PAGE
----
The sad fact about recovery from alcohol and drug use is that almost everyone fails in the beginning, even when they have the support of loved ones, friends, and recovery groups, like AA.
That’s because unconscious emotions intensify the motivation to use substances and activate a network of entrenched habits that lead almost inevitably to relapse.
To lead a healthy life, free of alcohol and drug abuse, it’s necessary to change habits and regulate unconscious emotions that both drive and support abuse, in short, to develop the capacity within us to create value, meaning, and purpose. A program for maintaining sobriety should include the following.
A practice regimen to change habits that support abuse. Habits are comprised of a sequence of conditioned responses:
“A” can be:
Once vulnerable emotional states are associated with substance use, the mere occurrence of those states activates a series of automatic habits that lead to use.
Recondition the emotional system to make it stronger and more flexible. Abuse of substances impairs the ability to regulate emotions, as the substance takes on the protective, soothing, or exhilarating function of the emotional system. At the same time, the emotional response patterns grow rigid in the dogged pursuit and justification of substance use.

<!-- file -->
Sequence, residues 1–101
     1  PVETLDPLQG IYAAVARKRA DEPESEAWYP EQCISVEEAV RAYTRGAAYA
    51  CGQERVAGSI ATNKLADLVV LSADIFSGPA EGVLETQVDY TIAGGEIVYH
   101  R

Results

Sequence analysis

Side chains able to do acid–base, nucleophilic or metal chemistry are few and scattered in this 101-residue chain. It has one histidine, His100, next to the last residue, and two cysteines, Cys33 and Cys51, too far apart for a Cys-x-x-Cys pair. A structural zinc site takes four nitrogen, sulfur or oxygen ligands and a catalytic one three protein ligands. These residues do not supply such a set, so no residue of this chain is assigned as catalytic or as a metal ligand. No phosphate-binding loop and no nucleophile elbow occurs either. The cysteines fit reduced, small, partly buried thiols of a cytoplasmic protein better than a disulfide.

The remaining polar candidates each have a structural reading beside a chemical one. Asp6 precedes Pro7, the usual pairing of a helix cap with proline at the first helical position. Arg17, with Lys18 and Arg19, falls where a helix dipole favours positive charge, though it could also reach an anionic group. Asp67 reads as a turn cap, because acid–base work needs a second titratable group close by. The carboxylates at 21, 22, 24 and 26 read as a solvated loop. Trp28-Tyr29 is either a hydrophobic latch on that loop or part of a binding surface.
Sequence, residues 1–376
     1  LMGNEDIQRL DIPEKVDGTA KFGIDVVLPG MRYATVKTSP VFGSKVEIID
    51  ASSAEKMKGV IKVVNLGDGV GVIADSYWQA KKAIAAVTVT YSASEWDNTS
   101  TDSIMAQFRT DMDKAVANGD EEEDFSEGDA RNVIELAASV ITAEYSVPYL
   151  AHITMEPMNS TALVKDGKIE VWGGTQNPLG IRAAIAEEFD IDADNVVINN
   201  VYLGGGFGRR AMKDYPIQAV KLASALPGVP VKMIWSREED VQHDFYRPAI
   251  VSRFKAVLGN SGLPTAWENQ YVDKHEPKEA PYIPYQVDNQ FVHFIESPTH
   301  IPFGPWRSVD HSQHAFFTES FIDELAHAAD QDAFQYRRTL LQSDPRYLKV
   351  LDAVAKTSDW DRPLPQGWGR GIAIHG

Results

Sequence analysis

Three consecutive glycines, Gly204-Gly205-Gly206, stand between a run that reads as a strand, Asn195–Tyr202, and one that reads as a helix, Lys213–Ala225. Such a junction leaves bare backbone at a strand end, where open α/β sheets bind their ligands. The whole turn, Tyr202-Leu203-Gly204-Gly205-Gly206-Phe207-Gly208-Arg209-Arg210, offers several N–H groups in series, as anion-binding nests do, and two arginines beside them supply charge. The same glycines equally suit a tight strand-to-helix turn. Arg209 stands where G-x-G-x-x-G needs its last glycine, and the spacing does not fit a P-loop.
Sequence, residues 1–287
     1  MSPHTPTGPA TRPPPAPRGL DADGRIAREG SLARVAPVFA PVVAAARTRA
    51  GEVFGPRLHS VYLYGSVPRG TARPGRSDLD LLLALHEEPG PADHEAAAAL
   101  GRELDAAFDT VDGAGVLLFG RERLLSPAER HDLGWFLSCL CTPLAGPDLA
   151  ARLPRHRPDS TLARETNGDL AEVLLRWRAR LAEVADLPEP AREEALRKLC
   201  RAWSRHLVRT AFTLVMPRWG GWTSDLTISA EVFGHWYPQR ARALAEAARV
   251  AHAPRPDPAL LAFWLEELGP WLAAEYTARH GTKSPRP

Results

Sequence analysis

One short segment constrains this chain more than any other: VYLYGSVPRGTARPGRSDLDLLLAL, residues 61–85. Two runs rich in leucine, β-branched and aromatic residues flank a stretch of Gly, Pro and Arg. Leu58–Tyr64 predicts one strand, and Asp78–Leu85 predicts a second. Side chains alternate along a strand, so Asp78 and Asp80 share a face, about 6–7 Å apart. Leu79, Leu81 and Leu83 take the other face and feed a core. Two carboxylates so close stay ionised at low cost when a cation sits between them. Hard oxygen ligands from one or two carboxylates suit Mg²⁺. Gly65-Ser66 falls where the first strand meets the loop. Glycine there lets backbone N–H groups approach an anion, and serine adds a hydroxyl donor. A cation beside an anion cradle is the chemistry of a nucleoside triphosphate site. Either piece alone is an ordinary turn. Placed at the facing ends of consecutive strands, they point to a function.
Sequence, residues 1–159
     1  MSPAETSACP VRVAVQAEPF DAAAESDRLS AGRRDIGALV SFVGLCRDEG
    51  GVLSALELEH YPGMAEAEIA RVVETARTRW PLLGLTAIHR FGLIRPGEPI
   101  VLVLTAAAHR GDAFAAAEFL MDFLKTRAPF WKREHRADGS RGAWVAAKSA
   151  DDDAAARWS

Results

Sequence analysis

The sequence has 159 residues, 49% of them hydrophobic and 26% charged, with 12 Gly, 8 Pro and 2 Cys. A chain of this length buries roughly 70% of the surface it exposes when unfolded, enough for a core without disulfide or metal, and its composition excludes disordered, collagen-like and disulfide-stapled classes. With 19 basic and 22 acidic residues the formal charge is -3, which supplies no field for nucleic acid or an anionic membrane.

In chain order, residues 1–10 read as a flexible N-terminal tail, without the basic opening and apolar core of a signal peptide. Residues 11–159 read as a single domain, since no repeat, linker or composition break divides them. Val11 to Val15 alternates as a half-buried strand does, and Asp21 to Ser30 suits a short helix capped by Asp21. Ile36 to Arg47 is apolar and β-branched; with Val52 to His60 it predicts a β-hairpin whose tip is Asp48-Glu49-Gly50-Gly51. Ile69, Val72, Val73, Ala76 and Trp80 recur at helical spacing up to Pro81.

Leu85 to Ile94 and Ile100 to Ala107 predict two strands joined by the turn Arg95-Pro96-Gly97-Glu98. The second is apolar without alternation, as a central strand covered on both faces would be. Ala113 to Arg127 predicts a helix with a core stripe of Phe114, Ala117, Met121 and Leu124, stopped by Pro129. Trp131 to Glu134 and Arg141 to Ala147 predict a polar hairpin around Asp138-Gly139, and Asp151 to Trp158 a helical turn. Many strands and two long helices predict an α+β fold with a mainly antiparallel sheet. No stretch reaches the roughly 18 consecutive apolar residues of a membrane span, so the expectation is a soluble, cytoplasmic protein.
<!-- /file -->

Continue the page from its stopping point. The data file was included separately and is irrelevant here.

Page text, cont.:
Develop skill to regulate urges automatically. Because the network of conditioned responses that motivate the use of substances is processed in the brain thousands of times faster than conscious will, sobriety requires skills to regulate emotions that can function rapidly, i.e., unconsciously.
Raise core value to reduce the susceptibility to triggers of guilt, shame, anxiety, anger, and resentment, which lead to abuse. The use of substances is self-reinforcing in that it lowers self-value and the ability to create value and meaning. The trajectory in self-value during substance use is entirely downward, making the substance seem ever more necessary.
Supplement support groups with self-regulation skill – supply the missing elements in support group intervention.
The program includes recorded seven Webinars and one text file with exercises: